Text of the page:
(Bloomberg) — As volatility hits even the strongest emerging market economies, one nation is turning into a safe haven and investors’ choice to hide from the Federal Reserve’s tightening frenzy: Brazil.

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Stocks, bonds and currencies in developing countries are experiencing their worst slump in decades, but you wouldn’t know that by looking at the Latin American country’s assets. Traders are reaping double-digit carry yields from its currency, making the most bullish bond bets in 13 years, sparing its local-currency debt from a high-yield selloff and calling its stocks “the hottest trade in the world.” town”.

The outperformance brings much-needed relief to emerging market investors who have been stung: in China, where growth is collapsing; India, where high oil prices cripple the currency; Africa, where debt crises are brewing; and Eastern Europe, which has been shaken by the fall of the euro.

Brazil is seen by many as the only major developing country with an economic formula – double-digit benchmark interest rates coupled with a giant commodity-exporting industry – that can withstand the financial strain created by the soaring global yields. And then there’s the presidential election next weekend. Optimism is now growing that, whoever wins, the next government will pursue pro-market policies.

“Brazil is really kind of an unexpected haven as we approach the election,” said Viktor Szabo, chief investment officer at abrdn in London. “It’s been a pretty tough year for emerging markets as a whole, with inflation, a war in Ukraine and central bank tightening. But Brazil stands out and is a strong investment story on both financial markets and in the real economy.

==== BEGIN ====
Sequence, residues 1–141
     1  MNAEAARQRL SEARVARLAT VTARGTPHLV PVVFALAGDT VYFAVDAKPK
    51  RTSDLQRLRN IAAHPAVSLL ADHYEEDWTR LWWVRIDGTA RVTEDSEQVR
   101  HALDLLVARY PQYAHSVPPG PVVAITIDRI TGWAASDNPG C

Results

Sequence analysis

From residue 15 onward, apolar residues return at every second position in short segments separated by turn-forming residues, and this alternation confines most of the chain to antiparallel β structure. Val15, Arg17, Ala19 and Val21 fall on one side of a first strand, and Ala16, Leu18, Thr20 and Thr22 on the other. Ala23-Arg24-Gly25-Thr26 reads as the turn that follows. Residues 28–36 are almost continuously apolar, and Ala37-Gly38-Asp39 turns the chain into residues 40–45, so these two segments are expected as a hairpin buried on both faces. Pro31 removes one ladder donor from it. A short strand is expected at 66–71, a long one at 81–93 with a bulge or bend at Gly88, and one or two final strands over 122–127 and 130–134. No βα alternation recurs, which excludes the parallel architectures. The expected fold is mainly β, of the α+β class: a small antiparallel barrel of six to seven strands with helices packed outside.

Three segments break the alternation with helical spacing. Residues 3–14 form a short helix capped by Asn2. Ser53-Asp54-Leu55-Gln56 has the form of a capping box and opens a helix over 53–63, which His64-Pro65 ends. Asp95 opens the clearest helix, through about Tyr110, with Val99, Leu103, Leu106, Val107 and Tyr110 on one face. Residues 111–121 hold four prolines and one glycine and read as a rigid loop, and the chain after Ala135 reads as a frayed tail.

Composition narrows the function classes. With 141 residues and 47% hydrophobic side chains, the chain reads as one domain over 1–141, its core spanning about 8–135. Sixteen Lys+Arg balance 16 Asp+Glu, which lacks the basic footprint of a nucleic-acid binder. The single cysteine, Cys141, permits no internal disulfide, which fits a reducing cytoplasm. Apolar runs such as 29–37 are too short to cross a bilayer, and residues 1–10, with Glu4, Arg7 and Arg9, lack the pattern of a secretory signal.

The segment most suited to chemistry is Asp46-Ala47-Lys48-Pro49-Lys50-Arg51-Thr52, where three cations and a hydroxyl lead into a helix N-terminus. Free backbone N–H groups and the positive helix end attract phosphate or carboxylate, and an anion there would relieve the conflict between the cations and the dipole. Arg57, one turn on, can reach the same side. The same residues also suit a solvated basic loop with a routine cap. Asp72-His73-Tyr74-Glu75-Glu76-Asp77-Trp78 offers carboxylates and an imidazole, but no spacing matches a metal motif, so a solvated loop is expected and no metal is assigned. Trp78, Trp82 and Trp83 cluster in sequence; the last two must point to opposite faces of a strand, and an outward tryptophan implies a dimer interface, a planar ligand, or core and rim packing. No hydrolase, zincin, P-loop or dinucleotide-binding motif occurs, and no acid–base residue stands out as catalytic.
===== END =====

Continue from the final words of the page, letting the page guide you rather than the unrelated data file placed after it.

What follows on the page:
At the heart of this story is Brazil’s dogged pursuit of monetary tightening to contain inflation. While many emerging market central banks have proactively raised interest rates to prepare for Fed tightening, few have been as aggressive as Banco Central do Brasil. Its benchmark rate is now almost seven times higher than it was 19 months ago.

The ploy worked. Brazil became the first developing country to report a spike in inflation, seeing consumer price growth ease for three straight months, with further help from fuel tax cuts and other products. The country’s real policy rate rose globally by 6.58%. This shifts the interest rate debate from hikes to a potential cut next year.

Traders bet Brazil’s Hawkish central bank will change tack

This is a position to be envied by other emerging markets. Average inflation in the group is at its highest in a decade, with double-digit price growth and negative real yields hitting most countries.

Benchmark emerging market local currency bonds are heading for the worst annual losses since at least 2009, dollar bonds for the biggest drop since 1994. Equities are seeing the biggest selloff since the 2008 financial crisis.

In contrast, Brazil is offering investors the best local currency bond yields this month and is also the only high-yield country to post a gain. In dollar bonds, the sovereign risk premium over Treasuries has fallen 100 basis points since July, bringing it to its lowest level since the financial crisis compared to other emerging markets. Its stocks generate the fifth best dollar returns in the world.

Carry yields on the real rise this month to the highest since May, taking year-to-date yields to 16%. Given that other emerging markets produced carry losses of 6%, traders who moved to Brazil are better off by 22 percentage points in 2022.

“There’s really nowhere else in the world that looks like this,” said Ayman Ahmed, fund manager at Thornburg Investment Management, referring to Brazil’s monetary tightening that led to the carry. “They are so far ahead of the curve that the country has become an investor darling.”